According to a recent study released by Scarborough Research, 10% of Americans fall into two opposite ends of the banking spectrum: “unbanked” or “superbanked.”
In a nutshell, the superbanked are dreams-come-true for financial giants like Bank of America (NYSE:BAC), Wells Fargo (NYSE:WFC) and JPMorgan Chase (NYSE:JPM). Scarborough defines these consumers as having a checking, savings, money market account and certificate of deposits (CDs), and at least one of the following investments: stocks or stock options, bonds, mutual funds, money market funds, second home or real estate property and other securities or investments.
In contrast, Scarborough simply defines the unbanked as adults who will not use a bank or credit union.
Here are a few more interesting tidbits about the superbanked and the unbanked.
- 22% are more likely to be married.
- 43% with annual household income of $50K or less are retired.
- 93% have used a credit card in past 3 months.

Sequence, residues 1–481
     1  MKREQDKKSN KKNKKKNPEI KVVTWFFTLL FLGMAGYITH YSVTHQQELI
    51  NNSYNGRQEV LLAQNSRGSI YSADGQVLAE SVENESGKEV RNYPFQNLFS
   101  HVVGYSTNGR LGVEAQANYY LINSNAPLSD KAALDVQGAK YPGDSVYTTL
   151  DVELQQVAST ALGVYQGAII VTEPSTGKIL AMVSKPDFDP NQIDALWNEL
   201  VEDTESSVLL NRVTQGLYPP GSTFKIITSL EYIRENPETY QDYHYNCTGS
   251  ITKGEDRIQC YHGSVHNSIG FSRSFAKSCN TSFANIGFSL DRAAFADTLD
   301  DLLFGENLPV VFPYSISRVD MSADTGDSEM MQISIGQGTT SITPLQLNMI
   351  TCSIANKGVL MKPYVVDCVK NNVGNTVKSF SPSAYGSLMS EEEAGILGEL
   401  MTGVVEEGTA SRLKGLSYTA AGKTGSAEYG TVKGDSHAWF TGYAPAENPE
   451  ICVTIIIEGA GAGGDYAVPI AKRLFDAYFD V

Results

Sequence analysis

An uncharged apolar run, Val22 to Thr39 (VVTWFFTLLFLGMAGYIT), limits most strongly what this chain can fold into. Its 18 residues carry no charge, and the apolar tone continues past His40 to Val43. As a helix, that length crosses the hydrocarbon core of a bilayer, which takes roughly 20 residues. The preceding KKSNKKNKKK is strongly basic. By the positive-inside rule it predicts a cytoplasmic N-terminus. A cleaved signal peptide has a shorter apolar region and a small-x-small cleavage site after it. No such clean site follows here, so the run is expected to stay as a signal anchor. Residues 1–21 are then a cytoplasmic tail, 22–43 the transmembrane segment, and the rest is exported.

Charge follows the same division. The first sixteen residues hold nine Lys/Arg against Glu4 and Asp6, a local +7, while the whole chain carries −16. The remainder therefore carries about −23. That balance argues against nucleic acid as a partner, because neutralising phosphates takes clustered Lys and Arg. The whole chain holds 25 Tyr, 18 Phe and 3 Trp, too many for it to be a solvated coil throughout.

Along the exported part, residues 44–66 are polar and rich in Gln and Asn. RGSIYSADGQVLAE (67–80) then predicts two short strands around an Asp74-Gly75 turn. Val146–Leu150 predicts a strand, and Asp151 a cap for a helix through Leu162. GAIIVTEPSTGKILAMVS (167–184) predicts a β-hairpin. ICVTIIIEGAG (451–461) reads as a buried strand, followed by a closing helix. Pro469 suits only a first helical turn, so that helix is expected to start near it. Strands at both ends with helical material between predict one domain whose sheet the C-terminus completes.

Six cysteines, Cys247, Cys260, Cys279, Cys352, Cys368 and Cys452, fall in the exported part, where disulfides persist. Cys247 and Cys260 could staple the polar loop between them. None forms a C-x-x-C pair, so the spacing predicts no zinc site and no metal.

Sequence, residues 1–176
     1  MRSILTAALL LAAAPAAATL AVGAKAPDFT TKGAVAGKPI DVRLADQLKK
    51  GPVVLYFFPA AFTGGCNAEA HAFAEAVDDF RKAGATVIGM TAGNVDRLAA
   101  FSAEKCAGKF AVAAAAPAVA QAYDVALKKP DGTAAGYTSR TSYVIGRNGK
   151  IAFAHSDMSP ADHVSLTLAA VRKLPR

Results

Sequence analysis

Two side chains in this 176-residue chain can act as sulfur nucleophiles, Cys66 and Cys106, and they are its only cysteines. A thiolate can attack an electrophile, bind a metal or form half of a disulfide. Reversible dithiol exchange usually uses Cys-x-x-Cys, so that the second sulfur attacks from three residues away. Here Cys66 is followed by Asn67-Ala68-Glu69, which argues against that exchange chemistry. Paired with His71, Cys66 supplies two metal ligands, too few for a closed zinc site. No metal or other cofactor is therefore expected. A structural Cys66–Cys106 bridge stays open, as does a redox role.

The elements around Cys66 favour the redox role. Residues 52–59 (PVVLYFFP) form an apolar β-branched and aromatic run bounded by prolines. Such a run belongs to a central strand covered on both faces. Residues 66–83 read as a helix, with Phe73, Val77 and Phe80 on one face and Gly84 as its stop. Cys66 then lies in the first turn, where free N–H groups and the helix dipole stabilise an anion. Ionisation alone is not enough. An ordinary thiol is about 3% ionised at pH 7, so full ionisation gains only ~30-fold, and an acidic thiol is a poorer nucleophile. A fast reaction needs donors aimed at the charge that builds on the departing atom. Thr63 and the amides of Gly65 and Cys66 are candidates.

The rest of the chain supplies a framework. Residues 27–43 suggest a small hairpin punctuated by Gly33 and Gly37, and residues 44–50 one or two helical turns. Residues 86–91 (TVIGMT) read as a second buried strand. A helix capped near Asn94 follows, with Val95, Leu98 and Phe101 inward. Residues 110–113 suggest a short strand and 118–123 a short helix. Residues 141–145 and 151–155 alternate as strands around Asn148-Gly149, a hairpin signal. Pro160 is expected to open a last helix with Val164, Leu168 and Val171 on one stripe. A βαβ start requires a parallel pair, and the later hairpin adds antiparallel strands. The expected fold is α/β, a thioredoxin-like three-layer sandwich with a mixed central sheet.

- Superbanked consumers aren’t necessarily wealthy.
- Most superbanked consumers live in Fort Myers, San Francisco and Orlando.
- 45% have children under the age of 17 living in their homes.
- 7% of have used a check-cashing service in the past 12 months.
- They’re twice as likely to have prepaid wireless plans than customers who use banks and credit unions.
- Many do have lower incomes, but they still spend money on consumer products.
- 41% have shopped at a mall within the past 30 days.
If you’d like to learn more about the superbanked and unbanked, you can sign up to download Scarborough’s entire study on Atypical Bank Consumers.